Recession-Proof: Silver Linings

Recession Proof: Silver Linings

Many of the most disruptive company cultures started during a recession. Companies like:

  • General Electric (GE)shutterstock_796243573
  • General Motors (GM)
  • IBM
  • Disney
  • HP
  • Trader Joes
  • FedEx
  • Microsoft

Companies like Google, Salesforce, and Facebook began just before a major economic meltdown. Instead of failing, each of these companies started their global rises. In the process changed their industries. During a downturn, we typically see billion-dollar companies hunkering down. Instead of improving the company, CEOs borrow money. Then to reduce costs, avoid investing in new capital, fire employees, and hope the recession is short. “Hunkering” companies assume that after the bad times, everything will go back to the way it was. We all know the old saying about “Assuming.”

Despite a recession, the companies on this list (some over 100 years old) did not need to borrow or take government handouts. What did they do? Instead of hunkering down, these companies invested in innovation. While their competitors thought things would go back to the way, they had always been. When the recession ended, these companies were surprised because the industry and customer expectations had changed.

What is Innovation?

To understand what innovation is, look back just a little over 100 years ago to the automobile industry. Henry Ford did not invent the first car. Karl Benz first patented the automobile in 1885 (Note: John Stevens patented the first American combustion engine in 1798). Henry Ford did not invent the assembly line. That was Ransom Olds in 1901. December 1, 1913, Henry Ford created an automobile assembly line at his Highland Park Plant in Michigan. Within ten years, Ford Motors was selling millions of Model T cars and trucks. Plus, the company owned a 50% market share of worldwide automobile sales. Ford was not the inventor, but he was an innovator. By combining two ideas, manufacturing and the assembly line, he created innovation.

Wikipedia defines innovation as “…a new idea, creative thoughts, new imaginations in the form of a device or method.

The simplest way to create industry-disrupting innovation is by combining a new idea with a technology that the industry is ignoring. The result will be a method of doing things that were not possible before integrating the technology with a new idea. The new methodology will make it difficult, if not impossible, for others in the industry to compete with the innovator. Innovation was seed over 100 years ago when Henry Ford combined the assembly line with automobile manufacturing.

How is Innovation different from efficiency?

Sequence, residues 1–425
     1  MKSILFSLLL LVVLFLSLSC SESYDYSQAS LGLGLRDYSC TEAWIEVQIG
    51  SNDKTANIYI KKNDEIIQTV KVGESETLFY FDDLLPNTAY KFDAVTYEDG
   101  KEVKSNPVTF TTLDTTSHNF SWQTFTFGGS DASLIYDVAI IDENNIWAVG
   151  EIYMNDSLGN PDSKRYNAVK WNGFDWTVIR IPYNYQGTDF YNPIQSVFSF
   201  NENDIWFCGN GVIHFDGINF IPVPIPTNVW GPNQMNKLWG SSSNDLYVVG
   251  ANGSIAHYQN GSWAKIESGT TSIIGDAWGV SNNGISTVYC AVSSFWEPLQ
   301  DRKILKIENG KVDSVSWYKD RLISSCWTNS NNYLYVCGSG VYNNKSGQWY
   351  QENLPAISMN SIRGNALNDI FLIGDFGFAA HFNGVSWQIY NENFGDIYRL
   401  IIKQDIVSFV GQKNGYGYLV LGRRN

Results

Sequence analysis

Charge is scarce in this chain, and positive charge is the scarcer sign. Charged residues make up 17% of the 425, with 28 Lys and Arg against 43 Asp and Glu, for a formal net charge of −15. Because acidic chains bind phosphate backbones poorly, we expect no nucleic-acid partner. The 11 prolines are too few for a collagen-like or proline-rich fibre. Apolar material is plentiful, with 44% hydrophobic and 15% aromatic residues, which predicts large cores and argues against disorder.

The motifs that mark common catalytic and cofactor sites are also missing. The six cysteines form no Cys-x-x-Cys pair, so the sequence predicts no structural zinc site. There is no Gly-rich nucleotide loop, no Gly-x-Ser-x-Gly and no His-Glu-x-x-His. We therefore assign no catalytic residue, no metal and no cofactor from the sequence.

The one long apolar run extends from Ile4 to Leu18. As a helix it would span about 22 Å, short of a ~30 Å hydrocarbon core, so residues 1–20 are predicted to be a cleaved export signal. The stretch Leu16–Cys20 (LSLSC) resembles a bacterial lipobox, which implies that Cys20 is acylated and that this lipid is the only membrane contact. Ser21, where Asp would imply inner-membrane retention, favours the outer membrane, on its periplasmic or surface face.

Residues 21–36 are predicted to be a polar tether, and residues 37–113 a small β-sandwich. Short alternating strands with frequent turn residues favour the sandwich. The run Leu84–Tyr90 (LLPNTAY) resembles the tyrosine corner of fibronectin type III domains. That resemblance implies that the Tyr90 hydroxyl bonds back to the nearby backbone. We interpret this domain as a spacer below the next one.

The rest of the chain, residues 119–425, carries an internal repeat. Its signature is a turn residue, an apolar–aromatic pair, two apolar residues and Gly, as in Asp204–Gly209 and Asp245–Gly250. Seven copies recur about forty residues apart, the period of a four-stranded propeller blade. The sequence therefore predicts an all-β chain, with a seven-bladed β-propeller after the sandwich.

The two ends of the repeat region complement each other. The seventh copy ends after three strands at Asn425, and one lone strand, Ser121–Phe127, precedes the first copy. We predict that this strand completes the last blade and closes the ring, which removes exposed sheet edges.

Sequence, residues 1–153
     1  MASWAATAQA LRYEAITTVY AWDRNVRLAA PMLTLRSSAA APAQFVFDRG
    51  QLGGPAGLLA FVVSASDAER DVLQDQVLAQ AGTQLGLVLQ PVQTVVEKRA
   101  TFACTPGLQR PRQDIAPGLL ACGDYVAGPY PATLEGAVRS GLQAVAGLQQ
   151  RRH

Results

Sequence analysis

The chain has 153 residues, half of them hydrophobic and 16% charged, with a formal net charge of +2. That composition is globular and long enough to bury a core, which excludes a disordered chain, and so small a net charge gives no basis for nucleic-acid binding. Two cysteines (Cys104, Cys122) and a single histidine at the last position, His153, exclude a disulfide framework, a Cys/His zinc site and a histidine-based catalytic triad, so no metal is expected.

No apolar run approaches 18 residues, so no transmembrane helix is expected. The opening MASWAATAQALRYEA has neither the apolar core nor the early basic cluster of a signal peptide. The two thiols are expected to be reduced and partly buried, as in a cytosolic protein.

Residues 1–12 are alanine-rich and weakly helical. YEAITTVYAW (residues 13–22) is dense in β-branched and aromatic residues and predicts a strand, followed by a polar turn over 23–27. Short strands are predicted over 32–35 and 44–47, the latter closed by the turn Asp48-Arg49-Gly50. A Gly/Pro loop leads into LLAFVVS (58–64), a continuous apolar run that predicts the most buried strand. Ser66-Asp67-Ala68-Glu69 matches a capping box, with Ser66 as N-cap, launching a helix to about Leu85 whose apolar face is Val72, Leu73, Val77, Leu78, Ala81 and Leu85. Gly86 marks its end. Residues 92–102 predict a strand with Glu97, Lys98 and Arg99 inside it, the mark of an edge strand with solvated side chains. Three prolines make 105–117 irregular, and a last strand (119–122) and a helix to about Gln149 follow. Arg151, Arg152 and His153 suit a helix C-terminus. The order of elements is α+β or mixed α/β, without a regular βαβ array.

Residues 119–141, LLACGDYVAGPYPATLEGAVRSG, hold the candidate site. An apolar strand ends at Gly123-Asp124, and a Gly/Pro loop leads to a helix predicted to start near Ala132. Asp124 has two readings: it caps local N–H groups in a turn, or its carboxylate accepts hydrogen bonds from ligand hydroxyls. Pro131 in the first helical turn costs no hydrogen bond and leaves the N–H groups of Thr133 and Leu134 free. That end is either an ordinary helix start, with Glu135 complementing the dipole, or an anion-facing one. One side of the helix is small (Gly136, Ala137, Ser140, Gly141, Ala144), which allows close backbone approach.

It is easy to confuse efficiency and innovation. Market messaging can confuse by using the terms interchangeably. Innovation is about inventing a new method. Efficiency means reducing the losses when following the present methodology. The newspaper publishing industry focused on being the fastest source of printed information. Whether the information was about business, news, or local events, newspapers always had the latest information.

As an industry, the bottleneck for newspaper publishing profits has always been printing speeds. The business customer reading the first newspaper delivered at 6 AM, would have a competitive edge over the customer getting their paper at 8 AM. Making that earlier newspaper more valuable to the reader. This value was because, during that hour or two, the first business reader knew more about the world than the reader’s competitors.

When adding computers to the printing press, publishers could print more papers in an hour. For the publishers, this meant that more readers would not have to wait until 8 AM for a delivery. If a competitor’s newspaper could not catch up, the faster publisher sold more papers. For newspaper publishers, the key to profitability meant the competitor with the most efficient printing press became the industry leader.

We all know how the Internet changed this dynamic. With a computer connected to the Internet, the 6 AM reader no longer needed a newspaper. They still needed the information. The information just didn’t need to be printed on paper. Ironically while computers make printing presses more efficient, there are now many ways for customers to get the same information in real-time.

Innovation and Recessions

The silver lining in recessions is that they force change. Changes like,

  • Mainframe computers
  • Overnight Shipping
  • Mickey Mouse as “Steamboat Willie”
  • Network computing
  • Sophisticated Information Search Algorithms

The present expansion has been going on for 11 years. On paper, this makes the last 11 years the most extended period of economic growth in the history of the country. What can we expect from the next recession?

In the next few posts, I would like to introduce technologies that a business owner could setup in less than 30 days. Technologies that will improve EBITDA by improving employee productivity, reducing the risk of business loss or both. These tools are being used by billion-dollar corporations. Thanks to technology getting less expensive, can be leveraged by a solo-entrepreneurs or the mid-size business that wants to be a billion-dollar company someday.

Recession Proof: Unified Communication

Recession Proof: Artificial Intelligence

Recession Proof: CRM